Jon Gibbs’s Ten things I wish I knew before I was published #4: The End is Just the Beginning

Boy, did he nail this one the head for me.  I spend 80% more time editing my work than actually writing it.  In my last novel, HIDDEN IN PLAIN SIGHT, it was my own fault for pantsing it, and then having to go back and make major edits.

However, even with LAST WINTER RED, which I outlined, I spent several weeks of intense-high pressure edits after writing the bulk of it over a weekend writer’s retreat.  And for all that work, I didn’t really change much.  I added three small scenes (by small I mean 100 words or so) but the rest of it was fixing grammar, spelling, flow, etc.

Jon’s suggestion is to get your story down first, and do the editing when you are done (Yay, I did it right!)  If you edit constantly, while you are writing, you will probably go back and make changes before you are even done.

Note:  The above are Jon Gibb’s main speaking points, with my rambling opinions attached.

Jon Gibbs is the author of one of my son’s favorite books:  FUR-FACE, which was nominated for a Crystal Kite Award.

Jon is an Englishman transplanted to New Jersey, USA, where he is an ‘author in residence’ at Lakehurst Elementary School.  Jon is the founding member of The New Jersey Author’s Network and

Jon blogs at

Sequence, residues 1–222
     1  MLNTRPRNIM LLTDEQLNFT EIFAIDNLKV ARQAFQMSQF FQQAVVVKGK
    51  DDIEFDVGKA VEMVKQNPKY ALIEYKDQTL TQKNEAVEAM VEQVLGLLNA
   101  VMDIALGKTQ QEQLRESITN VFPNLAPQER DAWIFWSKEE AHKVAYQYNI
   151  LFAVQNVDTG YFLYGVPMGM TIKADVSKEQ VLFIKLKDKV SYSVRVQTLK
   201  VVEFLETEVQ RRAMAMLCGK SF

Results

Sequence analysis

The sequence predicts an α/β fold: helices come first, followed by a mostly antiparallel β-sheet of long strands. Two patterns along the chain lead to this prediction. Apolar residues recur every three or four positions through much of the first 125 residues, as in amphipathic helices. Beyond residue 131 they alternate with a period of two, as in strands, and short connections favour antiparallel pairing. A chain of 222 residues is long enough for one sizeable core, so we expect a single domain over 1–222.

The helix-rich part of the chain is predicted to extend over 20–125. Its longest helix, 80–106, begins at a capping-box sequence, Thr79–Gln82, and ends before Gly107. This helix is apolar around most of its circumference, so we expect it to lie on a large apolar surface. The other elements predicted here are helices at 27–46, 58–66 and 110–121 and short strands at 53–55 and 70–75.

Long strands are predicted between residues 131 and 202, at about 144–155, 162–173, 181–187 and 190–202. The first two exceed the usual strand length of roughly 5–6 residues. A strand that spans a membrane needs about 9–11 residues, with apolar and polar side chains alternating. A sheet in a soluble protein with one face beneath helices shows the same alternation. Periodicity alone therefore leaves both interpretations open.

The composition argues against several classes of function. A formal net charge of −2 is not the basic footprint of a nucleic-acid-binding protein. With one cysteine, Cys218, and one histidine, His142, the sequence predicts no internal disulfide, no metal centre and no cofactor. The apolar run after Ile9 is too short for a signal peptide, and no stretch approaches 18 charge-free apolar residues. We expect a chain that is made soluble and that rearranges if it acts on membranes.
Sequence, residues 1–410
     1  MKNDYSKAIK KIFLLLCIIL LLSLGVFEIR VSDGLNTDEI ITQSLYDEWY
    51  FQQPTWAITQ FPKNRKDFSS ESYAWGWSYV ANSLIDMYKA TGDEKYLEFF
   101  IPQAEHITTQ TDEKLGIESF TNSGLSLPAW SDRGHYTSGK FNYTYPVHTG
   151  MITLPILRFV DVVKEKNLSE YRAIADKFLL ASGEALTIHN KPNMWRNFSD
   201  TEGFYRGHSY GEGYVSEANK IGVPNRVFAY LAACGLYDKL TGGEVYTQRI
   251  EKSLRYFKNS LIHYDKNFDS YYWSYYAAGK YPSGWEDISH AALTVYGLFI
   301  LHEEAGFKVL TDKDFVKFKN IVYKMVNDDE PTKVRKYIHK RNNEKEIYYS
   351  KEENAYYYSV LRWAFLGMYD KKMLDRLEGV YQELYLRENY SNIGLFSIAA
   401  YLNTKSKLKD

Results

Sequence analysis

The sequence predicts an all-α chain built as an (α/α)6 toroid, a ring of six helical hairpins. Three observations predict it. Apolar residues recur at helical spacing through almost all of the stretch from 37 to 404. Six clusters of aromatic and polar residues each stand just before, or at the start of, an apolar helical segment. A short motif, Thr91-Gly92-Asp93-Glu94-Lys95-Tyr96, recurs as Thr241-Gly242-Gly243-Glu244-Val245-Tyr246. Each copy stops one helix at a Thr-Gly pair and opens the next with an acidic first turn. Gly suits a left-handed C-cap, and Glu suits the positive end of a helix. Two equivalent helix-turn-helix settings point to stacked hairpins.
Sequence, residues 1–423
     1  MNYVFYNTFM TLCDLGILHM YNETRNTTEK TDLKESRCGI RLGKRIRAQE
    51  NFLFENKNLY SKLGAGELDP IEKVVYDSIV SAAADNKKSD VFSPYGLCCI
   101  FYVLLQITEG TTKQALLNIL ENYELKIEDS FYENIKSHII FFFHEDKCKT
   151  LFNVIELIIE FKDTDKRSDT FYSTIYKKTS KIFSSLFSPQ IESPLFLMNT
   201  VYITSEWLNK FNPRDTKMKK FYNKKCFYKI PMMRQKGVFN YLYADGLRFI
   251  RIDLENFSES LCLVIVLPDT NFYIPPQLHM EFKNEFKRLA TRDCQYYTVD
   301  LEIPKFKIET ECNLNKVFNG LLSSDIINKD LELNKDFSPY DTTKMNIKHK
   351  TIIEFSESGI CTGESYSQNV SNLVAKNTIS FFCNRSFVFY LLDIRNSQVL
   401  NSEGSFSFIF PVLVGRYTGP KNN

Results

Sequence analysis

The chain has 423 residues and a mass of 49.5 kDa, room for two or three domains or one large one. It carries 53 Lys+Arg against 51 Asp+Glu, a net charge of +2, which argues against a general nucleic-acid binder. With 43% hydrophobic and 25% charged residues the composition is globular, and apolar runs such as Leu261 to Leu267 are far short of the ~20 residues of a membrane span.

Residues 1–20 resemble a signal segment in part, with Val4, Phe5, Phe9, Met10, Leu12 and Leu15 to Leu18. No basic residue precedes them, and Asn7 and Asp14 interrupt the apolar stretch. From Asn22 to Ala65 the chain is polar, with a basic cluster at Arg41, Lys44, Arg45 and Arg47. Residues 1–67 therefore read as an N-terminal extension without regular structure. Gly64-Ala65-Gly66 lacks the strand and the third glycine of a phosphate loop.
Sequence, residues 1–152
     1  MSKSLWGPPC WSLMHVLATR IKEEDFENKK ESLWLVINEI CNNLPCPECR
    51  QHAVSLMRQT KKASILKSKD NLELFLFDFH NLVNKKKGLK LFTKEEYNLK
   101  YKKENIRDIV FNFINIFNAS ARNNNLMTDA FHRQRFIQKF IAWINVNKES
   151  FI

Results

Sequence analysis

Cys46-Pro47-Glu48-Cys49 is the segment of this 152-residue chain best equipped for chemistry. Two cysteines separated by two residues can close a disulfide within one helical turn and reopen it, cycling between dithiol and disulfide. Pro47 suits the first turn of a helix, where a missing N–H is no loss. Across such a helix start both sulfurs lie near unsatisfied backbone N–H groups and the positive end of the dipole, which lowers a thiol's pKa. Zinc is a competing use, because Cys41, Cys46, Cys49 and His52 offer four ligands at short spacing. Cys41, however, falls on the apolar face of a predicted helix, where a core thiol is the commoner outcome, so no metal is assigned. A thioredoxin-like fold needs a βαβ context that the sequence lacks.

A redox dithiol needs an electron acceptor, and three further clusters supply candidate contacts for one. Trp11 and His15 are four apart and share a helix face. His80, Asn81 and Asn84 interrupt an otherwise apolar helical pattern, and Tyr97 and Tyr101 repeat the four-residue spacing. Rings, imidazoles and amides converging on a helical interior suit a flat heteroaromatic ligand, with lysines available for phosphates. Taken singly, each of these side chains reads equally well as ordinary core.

15 responses to “Jon Gibbs’s Ten things I wish I knew before I was published #4: The End is Just the Beginning

  1. I learned this when I did NaNoWriMo 2011. They kept urging us to keep going and not look back. The book wasn’t good but I finished it. 🙂

    • Part of the problem with Nano is the pressure, and I don’t think everyone (meaning me) can writing something substantial in that kind of time frame. Now two months? That’s doable. 🙂

      • Yeah, I get that. I just wanted to know if I could write so many words per day for one month. I didn’t think beyond that. I guess everyone is different.

  2. All the work that comes after is so true. You don’t realize it until you’re done with that first novel and then go back. I definitely spent at least as much time editing/revising as I did writing.

  3. It’s hard for me not to edit as I ago along. I still have my training wheels on where that is concerned (more like blinders really) but, I finally see the value of writing straight through to the end. And outline is essential though, otherwise there will be many large edits down the line and I’ve had lots of those lol.

  4. get the story down first — got it – will try it

  5. I can’t edit as I go anyway because I get bored if I stay too long on a particular part. I like having it all down with the idea that I’ll worry about it all later (I tend to put things off.)

  6. Yes, I did that with my first attempt at a novel–editing as I went along–no wonder it took so long to finish it! As much as it pains me to know I’m leaving behind major glitches as I push forward with the writing, I do my best to ignore and tell myself I’ll tend to them on the next draft. Get this puppy written first.

    • What I do is scan back to the spot I need to fix and insert the words “add scene here where bob tells her the truth” or something like that so I don’t forget and have a plot hole

  7. Yes, I’ve mentioned somewhere else recently, a good system to remember is ‘Write from the heart and correct from the head’, which is kind of the same thing really as just get it down first and then edit afterwards.